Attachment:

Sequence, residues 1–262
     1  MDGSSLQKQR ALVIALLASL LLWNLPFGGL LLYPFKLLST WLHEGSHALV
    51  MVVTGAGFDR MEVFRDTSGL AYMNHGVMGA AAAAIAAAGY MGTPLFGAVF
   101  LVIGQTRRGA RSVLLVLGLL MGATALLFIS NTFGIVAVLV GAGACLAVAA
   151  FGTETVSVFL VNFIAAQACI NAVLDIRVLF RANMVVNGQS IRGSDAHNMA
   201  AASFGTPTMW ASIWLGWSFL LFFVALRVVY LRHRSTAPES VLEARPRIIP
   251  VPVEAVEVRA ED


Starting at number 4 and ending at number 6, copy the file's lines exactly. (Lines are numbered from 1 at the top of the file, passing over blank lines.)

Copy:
   101  LVIGQTRRGA RSVLLVLGLL MGATALLFIS NTFGIVAVLV GAGACLAVAA
   151  FGTETVSVFL VNFIAAQACI NAVLDIRVLF RANMVVNGQS IRGSDAHNMA
   201  AASFGTPTMW ASIWLGWSFL LFFVALRVVY LRHRSTAPES VLEARPRIIP